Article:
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How Might Carbonation Contribute to Obesity?

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Carbonation makes drinks seem less sweet than they really are, and could increase consumption of sugar and food, neuroscientists report in the September issue of Gastroenterology. It might be therefore be best for weight-loss plans to avoid carbonated beverages.

Soda (3)

Addition of carbon dioxide (CO2) to water (carbonation) makes it effervescent and pleasant. Consumption of sweetened carbonated drinks has increased exponentially, and been associated with the growing rates of obesity and metabolic diseases.

Surprisingly, the consumption of diet sodas, which have few or no calories, has also been linked with obesity and poor health.

Francesco Di Salle et al. investigated the effects of CO2 on perception of sweetness from sucrose (sugar) and artificial sweeteners (aspartame-acesulfame, a common combination used in diet beverages), monitoring changes in regional brain activity with functional magnetic resonance imaging.

The presence of carbonation produced an overall decrease in the neural processing of sweetness-related signals, especially from sucrose.

Di Salle et al. observed that CO2 reduced activity in the gustatory regions of the brain, such as the anterior-insula, orbitofrontal cortex, and posterior pons in response to carbonation, independently of what sweetener the drink contained. However, the effect of carbonation on sucrose was stronger than the effect on artificial sweetener.

In behavioral studies, the authors also found that CO2 reduced sweetness perception and the differentiation between natural and artificial sweeteners. The ability of CO2 to reduce the perception of sweetness from sucrose could increase sugar intake among soda drinkers. But what about in drinkers of diet sodas?

In an editorial that accompanies the article, Catia Sternini says that tricking the brain about the type of sweet could be advantageous to weight loss because it facilitates the consumption of low-calorie drinks—their taste is perceived as pleasant as the sugary, calorie-laden drink. However, the downside is that this perception could alter energy homeostasis and balance to stimulate sugar consumption. This could explain the prevalence of eating disorders, metabolic diseases, and obesity among diet soda drinkers.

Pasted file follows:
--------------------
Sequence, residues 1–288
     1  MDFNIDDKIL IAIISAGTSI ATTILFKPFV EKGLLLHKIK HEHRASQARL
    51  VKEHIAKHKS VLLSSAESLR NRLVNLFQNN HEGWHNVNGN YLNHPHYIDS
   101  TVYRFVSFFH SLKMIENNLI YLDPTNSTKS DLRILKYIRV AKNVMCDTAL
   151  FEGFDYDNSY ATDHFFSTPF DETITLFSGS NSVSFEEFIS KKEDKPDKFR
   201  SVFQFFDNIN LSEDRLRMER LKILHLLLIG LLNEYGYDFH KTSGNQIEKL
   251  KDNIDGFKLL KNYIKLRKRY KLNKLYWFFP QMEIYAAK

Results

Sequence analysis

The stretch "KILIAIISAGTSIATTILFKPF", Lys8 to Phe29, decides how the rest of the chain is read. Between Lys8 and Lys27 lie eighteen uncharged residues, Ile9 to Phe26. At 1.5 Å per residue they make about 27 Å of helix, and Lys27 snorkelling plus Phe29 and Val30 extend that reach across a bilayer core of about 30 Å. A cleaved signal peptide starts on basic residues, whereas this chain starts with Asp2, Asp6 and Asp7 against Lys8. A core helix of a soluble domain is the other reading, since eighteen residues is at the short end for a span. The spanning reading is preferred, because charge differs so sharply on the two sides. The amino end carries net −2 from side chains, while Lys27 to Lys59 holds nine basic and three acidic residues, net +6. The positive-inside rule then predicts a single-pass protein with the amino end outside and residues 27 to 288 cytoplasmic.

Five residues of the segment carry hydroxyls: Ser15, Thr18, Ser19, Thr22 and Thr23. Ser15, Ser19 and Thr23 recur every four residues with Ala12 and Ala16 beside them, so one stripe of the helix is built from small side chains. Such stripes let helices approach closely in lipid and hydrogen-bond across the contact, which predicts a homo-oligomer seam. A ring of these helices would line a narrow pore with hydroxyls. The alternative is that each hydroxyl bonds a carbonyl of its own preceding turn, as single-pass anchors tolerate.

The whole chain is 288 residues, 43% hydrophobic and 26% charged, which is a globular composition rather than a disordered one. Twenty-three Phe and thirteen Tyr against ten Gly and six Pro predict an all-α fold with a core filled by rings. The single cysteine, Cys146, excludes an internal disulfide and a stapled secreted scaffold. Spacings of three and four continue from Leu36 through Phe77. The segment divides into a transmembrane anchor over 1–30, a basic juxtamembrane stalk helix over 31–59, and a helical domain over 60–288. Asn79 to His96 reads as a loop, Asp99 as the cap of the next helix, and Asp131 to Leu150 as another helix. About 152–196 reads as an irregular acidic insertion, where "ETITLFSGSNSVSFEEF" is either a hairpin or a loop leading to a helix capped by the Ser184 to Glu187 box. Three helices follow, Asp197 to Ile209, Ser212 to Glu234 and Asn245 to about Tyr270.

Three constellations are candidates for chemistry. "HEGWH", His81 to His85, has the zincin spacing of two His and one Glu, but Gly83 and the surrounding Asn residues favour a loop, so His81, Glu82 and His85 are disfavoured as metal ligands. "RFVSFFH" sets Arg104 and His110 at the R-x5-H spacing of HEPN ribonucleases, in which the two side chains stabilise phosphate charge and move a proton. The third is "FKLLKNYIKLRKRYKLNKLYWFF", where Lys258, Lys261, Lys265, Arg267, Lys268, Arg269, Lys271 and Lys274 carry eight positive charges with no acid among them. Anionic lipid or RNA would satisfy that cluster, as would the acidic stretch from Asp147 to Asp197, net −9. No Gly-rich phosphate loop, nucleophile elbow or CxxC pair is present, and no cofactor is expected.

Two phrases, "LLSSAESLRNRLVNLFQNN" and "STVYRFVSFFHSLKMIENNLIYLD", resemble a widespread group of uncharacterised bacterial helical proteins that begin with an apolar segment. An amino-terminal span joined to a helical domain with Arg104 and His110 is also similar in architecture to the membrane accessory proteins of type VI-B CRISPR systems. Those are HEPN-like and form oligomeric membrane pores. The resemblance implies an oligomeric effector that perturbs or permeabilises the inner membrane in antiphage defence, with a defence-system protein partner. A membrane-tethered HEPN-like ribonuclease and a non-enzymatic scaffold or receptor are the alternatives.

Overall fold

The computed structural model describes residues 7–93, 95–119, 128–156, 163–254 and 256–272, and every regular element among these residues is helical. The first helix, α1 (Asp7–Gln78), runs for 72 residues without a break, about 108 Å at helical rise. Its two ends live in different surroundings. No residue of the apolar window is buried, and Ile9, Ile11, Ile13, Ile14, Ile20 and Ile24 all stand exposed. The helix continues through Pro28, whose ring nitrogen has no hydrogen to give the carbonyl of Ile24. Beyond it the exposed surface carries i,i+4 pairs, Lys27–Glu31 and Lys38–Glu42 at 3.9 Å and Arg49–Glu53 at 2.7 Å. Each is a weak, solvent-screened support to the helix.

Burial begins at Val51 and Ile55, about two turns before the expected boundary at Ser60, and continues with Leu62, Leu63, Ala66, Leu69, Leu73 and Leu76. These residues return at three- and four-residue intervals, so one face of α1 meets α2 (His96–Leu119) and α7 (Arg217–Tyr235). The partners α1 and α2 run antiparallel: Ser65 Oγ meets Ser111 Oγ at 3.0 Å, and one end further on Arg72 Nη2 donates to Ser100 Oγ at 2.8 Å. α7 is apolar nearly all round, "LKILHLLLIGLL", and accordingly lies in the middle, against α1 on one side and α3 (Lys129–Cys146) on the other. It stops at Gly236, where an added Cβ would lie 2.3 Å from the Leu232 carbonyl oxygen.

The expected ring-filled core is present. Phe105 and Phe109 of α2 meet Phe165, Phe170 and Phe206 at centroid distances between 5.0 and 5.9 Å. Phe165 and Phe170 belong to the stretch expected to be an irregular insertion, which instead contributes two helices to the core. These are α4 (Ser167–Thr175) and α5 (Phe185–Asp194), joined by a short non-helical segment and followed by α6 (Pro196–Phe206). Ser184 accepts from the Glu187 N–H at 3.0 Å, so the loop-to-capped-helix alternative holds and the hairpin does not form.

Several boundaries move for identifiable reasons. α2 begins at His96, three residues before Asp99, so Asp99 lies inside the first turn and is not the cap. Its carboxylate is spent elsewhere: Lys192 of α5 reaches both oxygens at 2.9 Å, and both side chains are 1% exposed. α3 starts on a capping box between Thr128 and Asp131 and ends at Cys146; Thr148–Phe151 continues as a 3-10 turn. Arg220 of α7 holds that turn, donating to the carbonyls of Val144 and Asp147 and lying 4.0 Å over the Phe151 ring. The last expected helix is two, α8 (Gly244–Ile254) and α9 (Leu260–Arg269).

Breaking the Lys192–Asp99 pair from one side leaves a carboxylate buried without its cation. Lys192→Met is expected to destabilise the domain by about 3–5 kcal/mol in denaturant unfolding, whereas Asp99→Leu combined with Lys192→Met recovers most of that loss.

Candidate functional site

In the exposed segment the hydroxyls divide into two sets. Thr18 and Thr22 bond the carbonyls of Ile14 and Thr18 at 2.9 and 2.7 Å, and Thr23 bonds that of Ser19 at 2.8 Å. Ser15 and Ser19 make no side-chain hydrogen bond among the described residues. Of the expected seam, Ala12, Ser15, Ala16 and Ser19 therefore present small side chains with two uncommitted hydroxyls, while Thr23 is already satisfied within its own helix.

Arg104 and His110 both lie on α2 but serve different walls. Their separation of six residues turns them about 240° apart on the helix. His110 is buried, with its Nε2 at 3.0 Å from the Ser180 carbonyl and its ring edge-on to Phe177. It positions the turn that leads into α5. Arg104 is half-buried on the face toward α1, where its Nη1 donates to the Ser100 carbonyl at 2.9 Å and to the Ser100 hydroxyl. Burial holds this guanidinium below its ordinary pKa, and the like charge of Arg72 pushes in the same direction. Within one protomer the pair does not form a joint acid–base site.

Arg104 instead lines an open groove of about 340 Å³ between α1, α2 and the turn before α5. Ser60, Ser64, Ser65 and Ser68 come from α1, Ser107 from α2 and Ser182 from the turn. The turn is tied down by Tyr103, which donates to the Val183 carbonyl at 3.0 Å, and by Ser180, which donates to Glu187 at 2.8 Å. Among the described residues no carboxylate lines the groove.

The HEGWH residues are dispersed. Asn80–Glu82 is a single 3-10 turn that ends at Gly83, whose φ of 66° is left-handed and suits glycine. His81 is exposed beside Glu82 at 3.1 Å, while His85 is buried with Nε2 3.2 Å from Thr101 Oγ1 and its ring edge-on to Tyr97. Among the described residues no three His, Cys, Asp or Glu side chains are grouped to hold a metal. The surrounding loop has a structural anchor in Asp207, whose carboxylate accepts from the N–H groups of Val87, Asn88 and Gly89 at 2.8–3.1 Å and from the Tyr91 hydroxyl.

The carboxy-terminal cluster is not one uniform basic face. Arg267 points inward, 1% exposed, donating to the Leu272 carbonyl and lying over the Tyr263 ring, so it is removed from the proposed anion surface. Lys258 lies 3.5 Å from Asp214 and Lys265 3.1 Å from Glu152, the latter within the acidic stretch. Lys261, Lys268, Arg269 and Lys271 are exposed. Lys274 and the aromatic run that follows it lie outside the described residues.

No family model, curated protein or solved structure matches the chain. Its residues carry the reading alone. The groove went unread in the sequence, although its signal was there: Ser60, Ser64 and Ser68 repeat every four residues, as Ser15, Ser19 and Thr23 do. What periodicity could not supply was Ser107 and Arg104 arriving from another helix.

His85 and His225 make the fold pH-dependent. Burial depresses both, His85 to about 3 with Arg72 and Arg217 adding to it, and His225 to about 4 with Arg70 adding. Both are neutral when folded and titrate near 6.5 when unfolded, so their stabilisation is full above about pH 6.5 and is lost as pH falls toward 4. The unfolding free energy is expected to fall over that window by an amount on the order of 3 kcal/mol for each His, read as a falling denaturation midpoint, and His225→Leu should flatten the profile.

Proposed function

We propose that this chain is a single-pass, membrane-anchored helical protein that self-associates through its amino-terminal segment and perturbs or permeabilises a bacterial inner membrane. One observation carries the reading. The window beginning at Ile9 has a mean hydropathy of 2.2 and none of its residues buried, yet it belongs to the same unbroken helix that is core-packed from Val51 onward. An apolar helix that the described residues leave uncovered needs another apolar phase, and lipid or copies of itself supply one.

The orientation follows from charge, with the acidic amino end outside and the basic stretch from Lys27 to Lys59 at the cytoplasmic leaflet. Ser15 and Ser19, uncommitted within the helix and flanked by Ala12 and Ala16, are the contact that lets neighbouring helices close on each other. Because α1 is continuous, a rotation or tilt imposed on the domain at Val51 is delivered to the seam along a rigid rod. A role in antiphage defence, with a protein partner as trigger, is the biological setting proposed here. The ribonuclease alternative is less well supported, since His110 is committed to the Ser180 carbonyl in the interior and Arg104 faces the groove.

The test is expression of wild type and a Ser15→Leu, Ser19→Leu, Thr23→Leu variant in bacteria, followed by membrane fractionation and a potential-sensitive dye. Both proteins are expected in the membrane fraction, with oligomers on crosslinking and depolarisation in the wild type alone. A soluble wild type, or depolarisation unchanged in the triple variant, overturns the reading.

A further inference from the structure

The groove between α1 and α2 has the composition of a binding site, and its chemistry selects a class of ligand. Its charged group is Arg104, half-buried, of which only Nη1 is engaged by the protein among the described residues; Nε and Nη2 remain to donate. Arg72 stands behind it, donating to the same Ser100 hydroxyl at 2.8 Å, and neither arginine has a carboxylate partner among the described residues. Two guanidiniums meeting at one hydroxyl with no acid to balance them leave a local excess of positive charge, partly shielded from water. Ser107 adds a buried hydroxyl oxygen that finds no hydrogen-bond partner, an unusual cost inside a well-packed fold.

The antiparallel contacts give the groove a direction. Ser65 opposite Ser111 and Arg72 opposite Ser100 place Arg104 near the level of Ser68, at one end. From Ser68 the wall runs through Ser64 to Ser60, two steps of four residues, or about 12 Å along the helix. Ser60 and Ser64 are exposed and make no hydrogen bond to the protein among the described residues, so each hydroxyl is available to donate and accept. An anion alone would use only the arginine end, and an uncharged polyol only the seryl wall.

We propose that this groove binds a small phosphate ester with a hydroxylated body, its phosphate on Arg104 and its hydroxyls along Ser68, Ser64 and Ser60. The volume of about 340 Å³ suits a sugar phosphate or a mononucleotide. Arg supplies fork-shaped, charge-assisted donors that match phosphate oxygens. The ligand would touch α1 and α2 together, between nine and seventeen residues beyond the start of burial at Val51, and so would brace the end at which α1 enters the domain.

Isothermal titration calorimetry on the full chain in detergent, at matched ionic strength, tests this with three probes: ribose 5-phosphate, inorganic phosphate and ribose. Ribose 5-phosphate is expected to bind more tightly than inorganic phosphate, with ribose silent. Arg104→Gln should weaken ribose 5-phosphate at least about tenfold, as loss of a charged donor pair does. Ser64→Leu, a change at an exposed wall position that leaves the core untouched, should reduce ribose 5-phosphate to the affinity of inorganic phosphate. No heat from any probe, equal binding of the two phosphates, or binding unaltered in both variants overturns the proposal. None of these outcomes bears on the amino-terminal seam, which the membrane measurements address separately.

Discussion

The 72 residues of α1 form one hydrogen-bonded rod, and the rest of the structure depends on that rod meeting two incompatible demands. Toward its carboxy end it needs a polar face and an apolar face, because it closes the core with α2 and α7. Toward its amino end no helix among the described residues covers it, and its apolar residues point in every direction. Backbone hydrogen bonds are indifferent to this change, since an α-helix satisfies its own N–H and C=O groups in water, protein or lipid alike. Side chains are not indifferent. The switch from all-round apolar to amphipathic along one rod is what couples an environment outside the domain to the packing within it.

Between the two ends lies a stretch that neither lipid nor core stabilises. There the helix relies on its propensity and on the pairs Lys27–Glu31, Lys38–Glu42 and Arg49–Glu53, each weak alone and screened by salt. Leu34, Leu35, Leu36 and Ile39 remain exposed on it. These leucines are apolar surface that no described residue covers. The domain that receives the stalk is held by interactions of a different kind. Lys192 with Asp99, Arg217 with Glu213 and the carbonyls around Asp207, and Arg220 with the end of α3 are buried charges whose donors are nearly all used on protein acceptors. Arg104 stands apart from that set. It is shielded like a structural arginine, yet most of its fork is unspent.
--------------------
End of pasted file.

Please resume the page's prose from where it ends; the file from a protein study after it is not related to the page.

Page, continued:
Di Salle et al. add that perception of CO2 is accompanied trigeminal somatosensory stimulation that leads to multisensory convergence of perceptual inputs, which could indicate to the human brain a nutrient-rich feeding environment. Carbonation might therefore make people feel like eating.

According to Sternini, the sense of taste in the mouth, along with the sight and the smell of food and drink, initiates physiologic reflexes beyond the oral cavity, such as the secretion of digestive enzymes, hormones, and other signaling molecules from the gastrointestinal tract and its associated glands. These prepare the gut to digest and absorb nutrients, and could increase eating.

Future studies to analyze the effects of carbonation on the brain as well as the gastrointestinal lumen.

Read the article online.
Di Salle F, Cantone E, Savarese MF et al. Effect of carbonation on brain processing of sweet stimuli in humans. Gastroenterology 2013;145:537–539.e3

Read the accompanying editorial.
Sternini C. In search of a role for carbonation: is this a good or bad taste?Gastroenterology 2013;145:500–503.

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About The Author:

Dr. Kristine Novak

Dr. Kristine Novak

Dr. Kristine Novak is a science writer and editor based in San Francisco. She has extensive experience covering gastroenterology, hepatology, immunology, oncology, clinical, and biotechnology research discoveries.

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